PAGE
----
The “Language Committee” of the early Zionist period (precursor to the Academy of Hebrew Language) debated this topic at length, along with teachers of the Hebrew schools. The majority opinion was that the Sephardi pronunciation was preferable, for several reasons:Continue reading
For the sake of illustration, in this answer I shall represent the shva as a colon in the middle of the word (:). There are four rules for determining whether a shva is na (‘moving’) or naḥ (‘resting’):
Fed up with repeated mispronunciation of Arabic names and words in Western media, I offer this simple primer of ten things that every Westerner (esp. broadcasters) should know about Arabic names and terms:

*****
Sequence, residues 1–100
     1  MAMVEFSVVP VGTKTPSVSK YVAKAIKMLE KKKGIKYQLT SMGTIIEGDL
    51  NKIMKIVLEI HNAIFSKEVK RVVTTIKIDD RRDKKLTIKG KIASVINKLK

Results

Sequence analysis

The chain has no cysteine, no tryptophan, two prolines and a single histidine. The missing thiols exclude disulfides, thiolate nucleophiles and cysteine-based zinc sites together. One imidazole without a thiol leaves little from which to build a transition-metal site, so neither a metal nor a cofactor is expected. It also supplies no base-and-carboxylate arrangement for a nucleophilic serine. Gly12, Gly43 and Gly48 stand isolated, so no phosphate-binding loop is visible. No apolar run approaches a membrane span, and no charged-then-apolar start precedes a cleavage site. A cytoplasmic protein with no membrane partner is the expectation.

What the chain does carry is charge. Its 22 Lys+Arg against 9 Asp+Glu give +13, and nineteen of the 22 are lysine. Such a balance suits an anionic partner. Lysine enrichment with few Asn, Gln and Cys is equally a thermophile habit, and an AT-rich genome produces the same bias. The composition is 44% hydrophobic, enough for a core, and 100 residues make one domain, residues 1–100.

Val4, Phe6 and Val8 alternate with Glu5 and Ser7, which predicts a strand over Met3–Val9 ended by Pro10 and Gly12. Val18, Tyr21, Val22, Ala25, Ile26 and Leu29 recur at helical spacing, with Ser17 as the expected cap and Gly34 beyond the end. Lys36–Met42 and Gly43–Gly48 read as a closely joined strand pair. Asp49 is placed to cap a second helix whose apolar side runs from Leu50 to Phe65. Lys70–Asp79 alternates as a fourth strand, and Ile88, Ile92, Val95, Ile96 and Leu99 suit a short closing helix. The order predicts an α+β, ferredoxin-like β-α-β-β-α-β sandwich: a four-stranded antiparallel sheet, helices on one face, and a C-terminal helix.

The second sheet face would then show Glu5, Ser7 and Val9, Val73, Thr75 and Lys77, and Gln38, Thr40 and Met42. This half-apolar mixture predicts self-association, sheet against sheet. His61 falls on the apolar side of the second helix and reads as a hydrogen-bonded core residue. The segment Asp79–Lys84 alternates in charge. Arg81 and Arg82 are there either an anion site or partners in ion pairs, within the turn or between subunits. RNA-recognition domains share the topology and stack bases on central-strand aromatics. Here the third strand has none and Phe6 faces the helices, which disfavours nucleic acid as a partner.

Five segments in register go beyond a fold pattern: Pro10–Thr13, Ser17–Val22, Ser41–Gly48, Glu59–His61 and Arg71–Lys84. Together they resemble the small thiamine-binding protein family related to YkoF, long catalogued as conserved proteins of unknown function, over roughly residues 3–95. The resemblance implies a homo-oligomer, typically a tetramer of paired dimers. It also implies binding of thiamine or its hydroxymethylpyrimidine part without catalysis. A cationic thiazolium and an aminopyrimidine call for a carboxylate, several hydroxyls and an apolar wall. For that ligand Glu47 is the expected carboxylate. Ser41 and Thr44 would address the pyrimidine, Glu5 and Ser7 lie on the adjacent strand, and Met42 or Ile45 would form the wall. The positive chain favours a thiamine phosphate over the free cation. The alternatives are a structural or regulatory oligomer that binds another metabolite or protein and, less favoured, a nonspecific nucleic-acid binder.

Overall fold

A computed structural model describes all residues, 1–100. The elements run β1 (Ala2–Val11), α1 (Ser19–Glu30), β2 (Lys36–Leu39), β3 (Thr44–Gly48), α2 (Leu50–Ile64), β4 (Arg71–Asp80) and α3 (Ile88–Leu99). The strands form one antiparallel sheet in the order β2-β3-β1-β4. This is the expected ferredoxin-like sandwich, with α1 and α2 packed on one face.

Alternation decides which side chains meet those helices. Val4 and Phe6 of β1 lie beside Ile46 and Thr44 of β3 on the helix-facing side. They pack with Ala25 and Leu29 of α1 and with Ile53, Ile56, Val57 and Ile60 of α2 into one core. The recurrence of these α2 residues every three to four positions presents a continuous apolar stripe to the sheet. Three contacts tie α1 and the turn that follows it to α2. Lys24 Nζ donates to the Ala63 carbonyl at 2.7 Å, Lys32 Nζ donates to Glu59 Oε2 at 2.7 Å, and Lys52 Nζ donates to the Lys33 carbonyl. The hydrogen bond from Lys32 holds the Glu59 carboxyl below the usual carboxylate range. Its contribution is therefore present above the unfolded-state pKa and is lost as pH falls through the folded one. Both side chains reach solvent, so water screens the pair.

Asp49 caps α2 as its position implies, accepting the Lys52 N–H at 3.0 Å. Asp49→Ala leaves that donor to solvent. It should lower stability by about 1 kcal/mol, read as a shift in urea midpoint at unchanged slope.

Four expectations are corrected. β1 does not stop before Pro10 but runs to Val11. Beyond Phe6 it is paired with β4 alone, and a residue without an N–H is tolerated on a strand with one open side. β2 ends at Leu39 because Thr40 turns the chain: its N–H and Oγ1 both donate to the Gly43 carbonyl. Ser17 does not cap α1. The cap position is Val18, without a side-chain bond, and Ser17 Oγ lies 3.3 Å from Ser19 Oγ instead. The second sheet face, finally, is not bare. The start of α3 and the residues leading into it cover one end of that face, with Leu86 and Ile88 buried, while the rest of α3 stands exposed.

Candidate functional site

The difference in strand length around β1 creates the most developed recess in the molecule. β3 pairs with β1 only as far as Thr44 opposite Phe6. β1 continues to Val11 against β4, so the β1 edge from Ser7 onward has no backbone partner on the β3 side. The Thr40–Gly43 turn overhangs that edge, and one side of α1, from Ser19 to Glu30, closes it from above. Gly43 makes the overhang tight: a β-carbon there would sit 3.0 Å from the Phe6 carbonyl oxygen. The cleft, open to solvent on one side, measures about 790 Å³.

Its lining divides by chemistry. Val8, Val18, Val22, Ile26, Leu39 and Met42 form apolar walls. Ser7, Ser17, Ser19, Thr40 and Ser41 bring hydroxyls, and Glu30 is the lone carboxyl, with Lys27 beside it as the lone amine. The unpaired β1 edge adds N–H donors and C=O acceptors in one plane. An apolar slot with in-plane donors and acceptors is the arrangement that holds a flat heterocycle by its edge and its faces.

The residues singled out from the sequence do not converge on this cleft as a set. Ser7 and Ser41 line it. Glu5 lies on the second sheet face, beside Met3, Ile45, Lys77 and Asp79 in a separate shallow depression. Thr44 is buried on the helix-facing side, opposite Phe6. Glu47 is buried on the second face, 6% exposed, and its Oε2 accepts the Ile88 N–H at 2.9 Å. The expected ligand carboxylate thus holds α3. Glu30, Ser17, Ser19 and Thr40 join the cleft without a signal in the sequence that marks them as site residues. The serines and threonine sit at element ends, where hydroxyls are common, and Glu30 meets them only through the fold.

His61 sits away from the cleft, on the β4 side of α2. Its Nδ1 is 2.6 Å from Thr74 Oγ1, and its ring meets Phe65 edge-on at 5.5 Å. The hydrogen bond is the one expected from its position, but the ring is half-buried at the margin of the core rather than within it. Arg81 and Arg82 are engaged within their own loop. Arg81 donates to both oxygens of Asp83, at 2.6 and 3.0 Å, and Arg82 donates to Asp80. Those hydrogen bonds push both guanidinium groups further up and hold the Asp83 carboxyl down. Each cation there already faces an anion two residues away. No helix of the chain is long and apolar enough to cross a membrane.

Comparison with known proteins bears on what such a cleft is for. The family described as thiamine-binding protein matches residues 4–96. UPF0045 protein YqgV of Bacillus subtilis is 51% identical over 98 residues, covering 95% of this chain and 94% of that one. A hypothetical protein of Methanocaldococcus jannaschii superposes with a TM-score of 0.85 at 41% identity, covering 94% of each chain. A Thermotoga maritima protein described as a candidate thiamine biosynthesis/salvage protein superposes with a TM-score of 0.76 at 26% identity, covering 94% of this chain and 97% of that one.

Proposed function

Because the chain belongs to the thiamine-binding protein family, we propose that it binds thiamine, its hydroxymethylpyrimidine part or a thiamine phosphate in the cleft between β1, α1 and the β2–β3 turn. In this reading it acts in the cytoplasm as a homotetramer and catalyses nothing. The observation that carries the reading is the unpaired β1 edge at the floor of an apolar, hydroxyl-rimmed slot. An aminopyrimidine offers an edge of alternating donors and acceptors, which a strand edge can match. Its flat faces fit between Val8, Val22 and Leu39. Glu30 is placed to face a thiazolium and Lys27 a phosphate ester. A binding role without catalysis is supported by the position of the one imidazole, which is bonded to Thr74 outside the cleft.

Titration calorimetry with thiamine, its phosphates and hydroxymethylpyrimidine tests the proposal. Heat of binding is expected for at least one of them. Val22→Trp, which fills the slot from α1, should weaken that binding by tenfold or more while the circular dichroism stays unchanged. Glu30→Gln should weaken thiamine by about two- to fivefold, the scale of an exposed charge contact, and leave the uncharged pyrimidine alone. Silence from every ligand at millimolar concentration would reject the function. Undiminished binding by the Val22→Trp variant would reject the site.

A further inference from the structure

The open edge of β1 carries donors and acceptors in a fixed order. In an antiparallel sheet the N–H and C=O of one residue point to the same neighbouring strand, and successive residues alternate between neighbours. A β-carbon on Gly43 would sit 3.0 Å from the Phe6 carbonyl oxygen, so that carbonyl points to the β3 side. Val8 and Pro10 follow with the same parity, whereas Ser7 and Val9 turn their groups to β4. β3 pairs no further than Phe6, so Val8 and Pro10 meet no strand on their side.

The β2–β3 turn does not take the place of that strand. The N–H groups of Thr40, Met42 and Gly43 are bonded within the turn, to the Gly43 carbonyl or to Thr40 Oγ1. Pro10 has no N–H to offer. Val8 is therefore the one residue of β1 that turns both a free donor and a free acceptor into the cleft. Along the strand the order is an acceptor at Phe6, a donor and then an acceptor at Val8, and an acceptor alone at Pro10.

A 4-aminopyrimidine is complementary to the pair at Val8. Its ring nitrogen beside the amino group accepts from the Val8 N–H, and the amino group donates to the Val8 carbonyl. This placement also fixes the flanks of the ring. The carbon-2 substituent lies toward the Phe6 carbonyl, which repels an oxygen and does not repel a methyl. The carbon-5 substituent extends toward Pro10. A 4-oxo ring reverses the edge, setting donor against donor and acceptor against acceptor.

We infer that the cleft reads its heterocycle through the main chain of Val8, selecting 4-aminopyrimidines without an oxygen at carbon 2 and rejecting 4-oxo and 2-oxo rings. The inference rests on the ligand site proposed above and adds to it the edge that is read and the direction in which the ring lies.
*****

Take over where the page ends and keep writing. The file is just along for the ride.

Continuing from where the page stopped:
Hebrew pronunciation among Diaspora communities is broadly divided between the Ashkenazis (communities originally from Central and Eastern Europe) and everyone else – i.e., Sephardis, the Mesopotamian communities (Iraq, Iran), Yemenites, etc.
The difference lies mainly in the pronunciation of the Hebrew letter tav, and a vowel known as kamatz: in Ashkenazi pronunciation, the tav is pronounced like an /s/, and the kamatz is pronounced /ô/. In other communities, the tav is pronounced /t/† and the kamatz is /ah/, respectively.